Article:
Extracts from an article written by Jeffrey A. Oster, DPM, C.Ped and
last updated 5/20/02.
Bone is a phenomenal tissue that has the ability to change, grow and restructure itself based upon the loads we apply to it. Bone gives our bodies support and structure, it protects our many vital organs and it acts as a reservoir for the important minerals we need every day. Let's say we start to work out at the gym. We plan to get big muscles to impress our significant other. What supports those muscles? That's right, bone. Our new fitness plan increases loads applied to bone causing it to grow to be able to accept those new loads. The opposite holds true also, decrease your activity and your bone mass will decrease. That's why it's so important for seniors to maintain regular physical activity.
Stress fractures are quite common to the foot. We mentioned before that bone carries load. A stress fracture simply implies that the load applied to the foot was greater than what the bone could tolerate, so it breaks. The most common stress fracture that occurs in the foot is in the metatarsal bones. These fractures are also referred to as march fractures. The name came about as the result of forcing young, sedentary army recruits to march 20 miles with a full backpack. Their transition from civilian to soldier was too abrupt resulting in a load that was greater than what the metatarsal bone could tolerate.
X-rays are necessary but aren't always so helpful with metatarsal stress fractures. In most cases, metatarsal stress fractures can only be seen on x-ray three to four weeks after they occur. X-ray findings of metatarsal stress fractures are very subtle in nature. We don't actually see the fracture, but we see the deposition of calcium surrounding the fracture as the bone heals. This finding is referred to as bone callus and is the body's own internal cast, so to speak.
The technique of treating fractures varies on a fracture by fracture basis but the fundamental principles are the same. The first thing we have to do is to confirmed on X-ray that the fracture is stable, it's well aligned and that the ends of the fracture appose each other. Once we've done that, we find ways to help the bone heal. In most cases this is a variation of rest. It could be bed rest, a cast, a fracture shoe or just decreasing activity. As you can see, each of these methods of treatment is a variation of rest. Most stress fractures of the foot will heal over time with just a little help. Patients are usually surprised to find out that a stress fracture takes 8-12 weeks to heal.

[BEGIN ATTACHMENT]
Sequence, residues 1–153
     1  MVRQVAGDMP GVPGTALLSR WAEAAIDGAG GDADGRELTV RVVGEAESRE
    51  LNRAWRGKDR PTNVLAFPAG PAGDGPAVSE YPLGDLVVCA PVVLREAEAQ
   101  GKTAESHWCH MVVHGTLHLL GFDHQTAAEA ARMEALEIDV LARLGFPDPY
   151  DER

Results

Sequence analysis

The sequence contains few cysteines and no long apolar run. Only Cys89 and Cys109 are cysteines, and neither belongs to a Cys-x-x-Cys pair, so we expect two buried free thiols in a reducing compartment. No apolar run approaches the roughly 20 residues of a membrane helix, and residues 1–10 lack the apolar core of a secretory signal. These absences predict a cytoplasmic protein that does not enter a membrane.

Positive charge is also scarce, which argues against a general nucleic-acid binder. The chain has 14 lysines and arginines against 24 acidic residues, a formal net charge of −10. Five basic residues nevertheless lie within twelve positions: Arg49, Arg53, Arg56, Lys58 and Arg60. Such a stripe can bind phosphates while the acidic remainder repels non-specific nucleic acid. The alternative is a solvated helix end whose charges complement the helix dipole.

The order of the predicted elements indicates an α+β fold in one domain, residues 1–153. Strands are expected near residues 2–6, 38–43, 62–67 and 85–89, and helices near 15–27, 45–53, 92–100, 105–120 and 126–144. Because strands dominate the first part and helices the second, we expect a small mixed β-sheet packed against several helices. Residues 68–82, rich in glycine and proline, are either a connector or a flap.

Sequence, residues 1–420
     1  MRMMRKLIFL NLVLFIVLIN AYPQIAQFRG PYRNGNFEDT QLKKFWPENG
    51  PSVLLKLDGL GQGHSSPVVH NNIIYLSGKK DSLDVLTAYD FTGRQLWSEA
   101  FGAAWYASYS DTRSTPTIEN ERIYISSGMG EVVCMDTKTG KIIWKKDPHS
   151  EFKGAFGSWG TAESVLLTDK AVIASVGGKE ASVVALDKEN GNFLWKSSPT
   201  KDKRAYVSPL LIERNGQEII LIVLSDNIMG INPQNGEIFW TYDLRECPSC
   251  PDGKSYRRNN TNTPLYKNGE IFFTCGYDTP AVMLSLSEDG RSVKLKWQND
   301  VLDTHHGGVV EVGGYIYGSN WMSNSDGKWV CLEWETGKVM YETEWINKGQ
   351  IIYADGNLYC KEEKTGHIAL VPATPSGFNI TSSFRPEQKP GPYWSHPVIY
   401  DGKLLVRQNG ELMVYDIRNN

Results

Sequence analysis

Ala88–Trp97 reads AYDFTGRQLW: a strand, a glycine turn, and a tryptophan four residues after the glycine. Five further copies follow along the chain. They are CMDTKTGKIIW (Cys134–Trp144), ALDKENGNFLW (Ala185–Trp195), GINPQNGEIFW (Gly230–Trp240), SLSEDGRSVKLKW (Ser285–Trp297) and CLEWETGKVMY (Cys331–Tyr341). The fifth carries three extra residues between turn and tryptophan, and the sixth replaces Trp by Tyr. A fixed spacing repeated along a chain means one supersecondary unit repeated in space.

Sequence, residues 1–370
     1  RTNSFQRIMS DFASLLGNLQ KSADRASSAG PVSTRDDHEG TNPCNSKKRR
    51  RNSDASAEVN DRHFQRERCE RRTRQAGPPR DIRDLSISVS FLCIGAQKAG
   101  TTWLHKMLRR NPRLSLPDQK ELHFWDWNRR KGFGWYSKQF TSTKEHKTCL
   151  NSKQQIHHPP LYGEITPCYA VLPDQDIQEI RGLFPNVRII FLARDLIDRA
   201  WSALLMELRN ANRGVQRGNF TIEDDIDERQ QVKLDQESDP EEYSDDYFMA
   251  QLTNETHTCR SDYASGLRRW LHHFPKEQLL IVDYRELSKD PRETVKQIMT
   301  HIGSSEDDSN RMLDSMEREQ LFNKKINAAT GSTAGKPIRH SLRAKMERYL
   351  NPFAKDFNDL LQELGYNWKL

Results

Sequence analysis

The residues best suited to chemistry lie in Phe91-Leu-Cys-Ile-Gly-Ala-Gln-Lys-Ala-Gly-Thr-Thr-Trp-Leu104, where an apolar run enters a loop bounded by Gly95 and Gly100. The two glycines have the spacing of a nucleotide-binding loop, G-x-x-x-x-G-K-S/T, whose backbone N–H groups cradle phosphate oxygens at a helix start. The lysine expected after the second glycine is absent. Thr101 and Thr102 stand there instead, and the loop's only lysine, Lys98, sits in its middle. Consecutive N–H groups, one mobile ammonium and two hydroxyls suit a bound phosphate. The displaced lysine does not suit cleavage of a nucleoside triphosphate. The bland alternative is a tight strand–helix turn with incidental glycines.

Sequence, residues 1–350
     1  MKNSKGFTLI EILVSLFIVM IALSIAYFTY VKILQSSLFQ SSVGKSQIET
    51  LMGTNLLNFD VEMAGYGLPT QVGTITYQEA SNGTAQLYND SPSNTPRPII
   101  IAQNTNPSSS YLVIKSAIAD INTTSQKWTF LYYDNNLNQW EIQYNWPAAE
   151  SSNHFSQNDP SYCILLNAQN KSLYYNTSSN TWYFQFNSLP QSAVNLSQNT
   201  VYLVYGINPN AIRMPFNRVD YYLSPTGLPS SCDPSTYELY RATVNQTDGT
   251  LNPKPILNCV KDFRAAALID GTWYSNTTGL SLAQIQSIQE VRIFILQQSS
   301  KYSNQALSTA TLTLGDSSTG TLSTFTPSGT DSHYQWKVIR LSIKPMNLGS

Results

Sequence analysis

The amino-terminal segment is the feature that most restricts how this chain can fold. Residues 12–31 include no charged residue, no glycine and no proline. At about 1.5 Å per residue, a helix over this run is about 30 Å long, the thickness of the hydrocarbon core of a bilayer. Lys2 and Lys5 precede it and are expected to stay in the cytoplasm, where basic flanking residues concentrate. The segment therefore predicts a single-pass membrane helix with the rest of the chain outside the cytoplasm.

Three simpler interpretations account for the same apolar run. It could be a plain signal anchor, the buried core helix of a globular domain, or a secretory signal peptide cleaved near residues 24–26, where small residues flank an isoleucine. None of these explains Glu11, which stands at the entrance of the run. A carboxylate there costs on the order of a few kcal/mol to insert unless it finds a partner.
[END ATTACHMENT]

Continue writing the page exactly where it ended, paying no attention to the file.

Other causes of forefoot pain
Morton's neuroma (benign tumor of a nerve running between the metatarsals)
Metatarsalgia (painful and inflammation of the metatarsal bones and their soft tissue sheath)
Capsulitis (painful and inflammation of the joints between the metatarsal bones and toes)
Tendonitis (inflammation of the tendons which course along the top of the foot)
Dislocation of a joint between a metatarsal and a toe (metatarsal-phalangeal joint)
Severe plantar callus(callus on bottom of the foot) or bursitis(an inflamed fluid-filled sac often between a bone and an area of pressure)
The treatment of metatarsal fractures varies depending on the type and location of the fracture. If the fracture is due to direct trauma and the fracture fragments are well aligned then the treatment is immobilisation and non-weight bearing for 6 - 8 weeks. Immobilisation can be achieved using a plaster cast or a removable plastic pneumatic boot. The removable boot is better for a sporting individual, because the boot can be removed for physiotherapy treatment, which is aimed at preventing stiffness in the ankle joints. In addition, cardiovascular fitness can be maintained by performing non-weight bearing exercises in a swimming pool.
The same method is usually adequate for 'march' (stress) fractures of the second metatarsal and rotational fractures of the fifth metatarsal. However, stress fractures of the base of the fifth metatarsal sometimes show a poor healing capacity. For this reason, many orthopaedic consultants now favour surgical fixation. A small incision is made on the outside border of the foot and a small screw is placed down the middle of the fractured bone. With this method a return to sporting activity is usually possible after 6 - 8 weeks.